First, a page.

Uncategorized Archive

Review: HUNGER, A MEMOIR OF (MY) BODY by Roxane Gay

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Roxane Gay is America’s favorite "bad feminist." She is often read as a black feminist, but her Haitian roots rarely get more than a passing mention. And yet, Haiti is the unseen backdrop to Gay’s memoir Hunger: a fierce, black, female, fat narrative.

Before the Storm and After, Houston Still a Poet’s City

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Houston is a poet’s city. I’d say more so than a fiction city, or a playwright’s city, or even a petroleum city for that matter (though, of course, it’s all of those things too).

The Weather We’re Having

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The calamity of weather disaster in literature offers more overt indications of those who are vulnerable and exposed. From Shakespeare’s encroaching storms to Richard Wright’s floods, from Zora Neale Hurston’s hurricane to Haruki Murakami’s quakes, we learn that we have to keep our eyes on the skies and our

I, Gambler

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Much like the games they glamorize, gambling narratives are fraught with risk. They risk losing the reader in the minutiae of strategy and tactics.

Plurality Trumps Homogeneity: Listening to Different Voices Makes Us Great Again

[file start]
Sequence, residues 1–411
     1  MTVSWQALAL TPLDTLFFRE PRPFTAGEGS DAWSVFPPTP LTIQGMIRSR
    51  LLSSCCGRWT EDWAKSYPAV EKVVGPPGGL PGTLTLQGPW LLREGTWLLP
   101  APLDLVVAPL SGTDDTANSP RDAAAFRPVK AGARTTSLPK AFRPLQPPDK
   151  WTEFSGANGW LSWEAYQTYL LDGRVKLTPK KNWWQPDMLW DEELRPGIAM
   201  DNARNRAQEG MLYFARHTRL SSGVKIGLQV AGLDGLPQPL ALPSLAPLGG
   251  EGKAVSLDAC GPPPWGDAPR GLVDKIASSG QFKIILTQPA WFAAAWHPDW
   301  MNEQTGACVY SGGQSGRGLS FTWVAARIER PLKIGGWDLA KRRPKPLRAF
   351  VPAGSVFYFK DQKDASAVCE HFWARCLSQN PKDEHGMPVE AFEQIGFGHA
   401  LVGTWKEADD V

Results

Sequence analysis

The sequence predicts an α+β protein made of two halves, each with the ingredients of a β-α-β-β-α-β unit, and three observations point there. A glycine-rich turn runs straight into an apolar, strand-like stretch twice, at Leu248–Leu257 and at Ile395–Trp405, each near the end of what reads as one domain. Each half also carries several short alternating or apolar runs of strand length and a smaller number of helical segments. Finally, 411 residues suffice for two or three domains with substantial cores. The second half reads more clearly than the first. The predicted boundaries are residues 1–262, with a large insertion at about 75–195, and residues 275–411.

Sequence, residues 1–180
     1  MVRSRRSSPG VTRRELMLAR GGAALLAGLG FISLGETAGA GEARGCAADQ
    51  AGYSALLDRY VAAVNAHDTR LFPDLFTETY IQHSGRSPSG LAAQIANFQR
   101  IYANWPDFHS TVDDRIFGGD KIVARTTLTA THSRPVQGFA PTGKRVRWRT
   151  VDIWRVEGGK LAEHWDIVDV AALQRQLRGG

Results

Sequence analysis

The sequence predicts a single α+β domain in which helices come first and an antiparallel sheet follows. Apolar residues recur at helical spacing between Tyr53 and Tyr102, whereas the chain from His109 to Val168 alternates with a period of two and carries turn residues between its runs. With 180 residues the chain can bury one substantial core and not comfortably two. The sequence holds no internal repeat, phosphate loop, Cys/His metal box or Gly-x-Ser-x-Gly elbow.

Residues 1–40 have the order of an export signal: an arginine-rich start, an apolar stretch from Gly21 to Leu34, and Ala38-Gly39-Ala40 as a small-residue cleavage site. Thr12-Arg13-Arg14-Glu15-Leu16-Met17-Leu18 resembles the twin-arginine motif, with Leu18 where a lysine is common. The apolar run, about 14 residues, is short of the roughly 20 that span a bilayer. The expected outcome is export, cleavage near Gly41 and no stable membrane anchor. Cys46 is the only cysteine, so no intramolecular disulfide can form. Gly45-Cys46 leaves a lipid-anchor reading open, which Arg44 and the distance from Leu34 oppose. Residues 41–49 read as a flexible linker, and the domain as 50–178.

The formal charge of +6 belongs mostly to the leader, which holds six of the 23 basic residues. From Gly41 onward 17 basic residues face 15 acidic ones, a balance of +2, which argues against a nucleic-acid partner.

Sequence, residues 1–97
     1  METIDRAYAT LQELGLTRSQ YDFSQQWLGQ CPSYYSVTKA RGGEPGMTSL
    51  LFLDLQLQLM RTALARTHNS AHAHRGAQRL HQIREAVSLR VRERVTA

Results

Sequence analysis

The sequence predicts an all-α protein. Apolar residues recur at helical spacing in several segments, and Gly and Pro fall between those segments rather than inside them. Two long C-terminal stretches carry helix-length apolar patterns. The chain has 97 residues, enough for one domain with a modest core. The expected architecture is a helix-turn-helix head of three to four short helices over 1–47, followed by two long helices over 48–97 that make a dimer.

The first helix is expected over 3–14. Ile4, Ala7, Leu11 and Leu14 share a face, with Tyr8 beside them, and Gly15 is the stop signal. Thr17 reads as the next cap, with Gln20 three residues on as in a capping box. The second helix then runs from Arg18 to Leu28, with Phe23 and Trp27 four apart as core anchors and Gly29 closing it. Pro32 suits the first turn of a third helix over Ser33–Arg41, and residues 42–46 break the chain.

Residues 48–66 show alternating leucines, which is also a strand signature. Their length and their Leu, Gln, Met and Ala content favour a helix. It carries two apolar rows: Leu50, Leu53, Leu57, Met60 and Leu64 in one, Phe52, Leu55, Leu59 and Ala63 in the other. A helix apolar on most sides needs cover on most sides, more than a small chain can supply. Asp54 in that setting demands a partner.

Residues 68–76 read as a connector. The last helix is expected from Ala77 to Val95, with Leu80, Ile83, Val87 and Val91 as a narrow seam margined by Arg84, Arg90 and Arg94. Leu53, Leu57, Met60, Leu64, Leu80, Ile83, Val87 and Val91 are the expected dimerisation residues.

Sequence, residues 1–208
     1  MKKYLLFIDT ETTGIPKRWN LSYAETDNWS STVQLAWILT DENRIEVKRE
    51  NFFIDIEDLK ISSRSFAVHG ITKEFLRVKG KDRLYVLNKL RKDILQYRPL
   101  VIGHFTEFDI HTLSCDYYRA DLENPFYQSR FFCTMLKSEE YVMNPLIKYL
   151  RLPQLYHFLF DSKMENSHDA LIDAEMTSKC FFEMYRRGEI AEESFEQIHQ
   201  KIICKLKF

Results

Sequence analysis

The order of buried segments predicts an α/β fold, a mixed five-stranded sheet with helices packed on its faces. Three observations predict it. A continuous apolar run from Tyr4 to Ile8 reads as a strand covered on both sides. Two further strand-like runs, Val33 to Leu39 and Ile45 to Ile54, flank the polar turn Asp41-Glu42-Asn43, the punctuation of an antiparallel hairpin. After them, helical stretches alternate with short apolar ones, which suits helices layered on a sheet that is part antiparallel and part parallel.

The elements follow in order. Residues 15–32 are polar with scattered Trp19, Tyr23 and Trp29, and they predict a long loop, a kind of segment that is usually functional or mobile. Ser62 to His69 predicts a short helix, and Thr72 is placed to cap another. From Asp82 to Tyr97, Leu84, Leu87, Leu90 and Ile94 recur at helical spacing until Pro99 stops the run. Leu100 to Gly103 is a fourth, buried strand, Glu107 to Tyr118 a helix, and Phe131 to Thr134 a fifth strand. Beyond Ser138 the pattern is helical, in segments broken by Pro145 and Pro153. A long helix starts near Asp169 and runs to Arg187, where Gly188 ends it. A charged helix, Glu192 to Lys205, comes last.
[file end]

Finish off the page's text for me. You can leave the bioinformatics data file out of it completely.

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From its bloody beginnings to its glorious establishment, America has always been a country of immigrants, of diverse groups, of different skin tones and dialects, of the tired and poor. What made America great, and what could make America great again, is this multitudinous quality, this possibility, this richness

Trump’s Words Helped Him Win—And That’s Troubling

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The effects of this year’s presidential election, exhausting and exhaustive as it was, will reverberate locally, nationally and globally for decades. This is true of all presidential elections, but the contrast between Donald Trump and Hillary Clinton could not have been more pronounced.

A Blackout By Any Other Name

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A year and a half ago, most of Turkey lost power. 80 of its 81 provinces, excluding Van, suddenly had no electricity. Since power outages in Istanbul are fairly frequent, that morning as I was out helping my then boyfriend get a tax number in central Istanbul, the lack

Round-Up: Ahmed Naji, Katherine Dunn, and More

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From a protest over the imprisonment of an Egyptian writer to the first ever female-led crime writing festival, here are the latest literary headlines: PEN America is teaming up with writers across the globe to protest the “unjust imprisonment” of Egyptian writer Ahmed Naji. Last week, at least 120 prominent

The Lover’s Inventory by Cyril Wong

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  Cyril Wong’s latest book of poems, The Lover’s Inventory, begins with an epigraph by Emerson: “Poetry teaches the enormous force of a few words, and, in proportion to the inspiration, checks loquacity.” That this is the last book Wong may be publishing for a while is a pity

The 2015 Ploughshares Count

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Last year, we announced our gender statistics following the release of the 2014 VIDA Count. We’re keeping with the tradition this year, and are happy to announce our count for 2015. The gender identity, race, sexuality, and disability disparities in the publishing industry are concerning, and we hope that making